On Cyber Monday morning at 7 AM, I found a good deal on a piece of electronics that one of our teenagers wants for Christmas. By noon, I was itching to find out if it was shipped and if so where it was in its journey to our home. I checked again at 5:30 PM and then again at 11:00 PM. Each time I looked, I was amused by the fact that the gift was one step closer to its destination.
The fact that you can track every time a package gets handed off to someone else within seconds of that hand-off is no longer anything special. This is what everyone expects – and rightly so. After all, the hand-offs are simply time stamps plus a couple of other pieces of data associated with information about your package. It all adds up to about 5 or 6 rows of data that shows the position of the package from the source to the destination. What makes this significant is that it's available at any time of day and I don't even have to pick up the phone and call anybody to access it.
Here's my point: Like it or not, what's happening in cyberspace affects your company systems by raising the expectations of all users. When you track a package from your home laptop and see details of every move it makes, you’d have a hard time going to work the next day and putting up with a green screen CICS application on your office desktop. Your expectations for your company's information system cannot be any lower than what you can accomplish on your laptop at home.
When your suppliers and vendors ask you for data and information about your inventory or their deliveries, what they're looking for is a browser-based and/or mobile application that you've provided them at no charge, so they can find out what they need sans the hopeless 20 minute conversation with the boys down in the warehouse. And if you don't provide those services to them, you'll find your company marginalized to the point where they can't even do business with you. That's the cost of progress, but in a way, it's a good problem to have.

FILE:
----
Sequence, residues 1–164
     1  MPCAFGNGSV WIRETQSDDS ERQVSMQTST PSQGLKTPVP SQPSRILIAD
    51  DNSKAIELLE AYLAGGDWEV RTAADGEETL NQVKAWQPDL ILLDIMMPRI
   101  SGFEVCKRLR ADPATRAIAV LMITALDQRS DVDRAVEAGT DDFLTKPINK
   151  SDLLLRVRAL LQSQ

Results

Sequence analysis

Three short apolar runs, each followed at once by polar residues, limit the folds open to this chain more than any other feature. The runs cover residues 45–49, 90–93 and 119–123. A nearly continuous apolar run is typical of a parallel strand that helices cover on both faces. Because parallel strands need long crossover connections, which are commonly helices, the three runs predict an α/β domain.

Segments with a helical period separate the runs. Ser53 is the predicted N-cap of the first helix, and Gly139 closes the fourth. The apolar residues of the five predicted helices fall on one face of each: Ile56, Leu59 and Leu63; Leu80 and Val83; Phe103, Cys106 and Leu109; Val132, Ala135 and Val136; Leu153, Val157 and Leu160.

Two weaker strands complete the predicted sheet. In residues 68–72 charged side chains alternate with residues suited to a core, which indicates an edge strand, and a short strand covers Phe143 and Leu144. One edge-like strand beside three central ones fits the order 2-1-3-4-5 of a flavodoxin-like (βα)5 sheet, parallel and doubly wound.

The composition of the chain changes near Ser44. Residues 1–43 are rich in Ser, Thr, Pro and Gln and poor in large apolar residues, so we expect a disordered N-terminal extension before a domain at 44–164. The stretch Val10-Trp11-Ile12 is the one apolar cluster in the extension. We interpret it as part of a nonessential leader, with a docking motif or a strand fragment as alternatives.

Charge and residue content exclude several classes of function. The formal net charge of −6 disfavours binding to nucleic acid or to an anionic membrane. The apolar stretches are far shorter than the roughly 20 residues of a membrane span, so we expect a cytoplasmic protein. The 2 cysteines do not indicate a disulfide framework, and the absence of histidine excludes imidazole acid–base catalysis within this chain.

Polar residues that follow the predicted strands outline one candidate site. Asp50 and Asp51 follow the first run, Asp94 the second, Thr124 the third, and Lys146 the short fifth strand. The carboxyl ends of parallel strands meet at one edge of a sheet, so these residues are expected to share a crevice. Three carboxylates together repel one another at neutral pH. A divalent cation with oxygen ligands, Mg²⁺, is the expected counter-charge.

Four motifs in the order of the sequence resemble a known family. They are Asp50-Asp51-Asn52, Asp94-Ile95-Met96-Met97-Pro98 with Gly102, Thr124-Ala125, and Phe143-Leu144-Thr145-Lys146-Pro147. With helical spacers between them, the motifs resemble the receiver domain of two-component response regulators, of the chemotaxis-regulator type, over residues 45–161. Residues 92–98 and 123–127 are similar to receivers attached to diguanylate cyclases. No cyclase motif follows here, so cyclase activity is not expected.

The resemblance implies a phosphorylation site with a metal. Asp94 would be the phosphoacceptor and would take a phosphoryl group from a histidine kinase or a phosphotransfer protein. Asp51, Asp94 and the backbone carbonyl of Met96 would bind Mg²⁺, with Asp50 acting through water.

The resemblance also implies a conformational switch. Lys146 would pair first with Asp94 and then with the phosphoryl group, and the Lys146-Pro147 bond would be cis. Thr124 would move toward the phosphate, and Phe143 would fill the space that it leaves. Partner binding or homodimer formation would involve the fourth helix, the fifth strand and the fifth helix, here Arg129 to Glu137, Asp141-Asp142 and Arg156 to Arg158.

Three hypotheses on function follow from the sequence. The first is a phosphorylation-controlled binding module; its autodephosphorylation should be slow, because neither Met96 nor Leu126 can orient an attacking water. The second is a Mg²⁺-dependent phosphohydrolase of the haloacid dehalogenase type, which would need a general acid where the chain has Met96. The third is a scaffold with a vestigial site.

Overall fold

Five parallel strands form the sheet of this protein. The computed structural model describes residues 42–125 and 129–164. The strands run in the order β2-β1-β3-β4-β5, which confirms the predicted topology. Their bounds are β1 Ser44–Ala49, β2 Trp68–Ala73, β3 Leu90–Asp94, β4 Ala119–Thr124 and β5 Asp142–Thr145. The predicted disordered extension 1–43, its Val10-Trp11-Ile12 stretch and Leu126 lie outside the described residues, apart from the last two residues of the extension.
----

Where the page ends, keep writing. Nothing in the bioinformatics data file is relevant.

Think of all the ways a Business Intelligence system can help you off-load essential information delivery to your customers, suppliers, and vendors. Self-service information delivery is probably one of the most important aspects of your BI system and it depends on a few characteristics, not in any particular order: multi-tenancy, ability to both consume and produce Web Services, high availability, fault tolerance, and redundancy, plus a really cool user interface that can handle the latest intuitive features of Web 2.0 that everybody has learned to use.
Think of these features as MUST HAVES. Adoption of BI applications, especially external ones, is directly related to the expectations of your users. If you create a very slick application that hangs at peak hours, nobody will want to use it. So, fault tolerance and high availability have to be taken into account as essential specifications. By the same token, an amazingly iron-clad application that provides the information in a Soviet-style screen won't cut it either. Remember - that truck driver with the mobile device doesn't have the time to figure out how to use your ugly screens. The bottom line is that when you get a quote for an external application built on open source software, off shore consulting and a whole lot of industry buzzwords, ask yourself if the final result will be able to give you the must-have characteristics I just mentioned. If they can't guarantee some service level agreements, you're using the wrong BI software.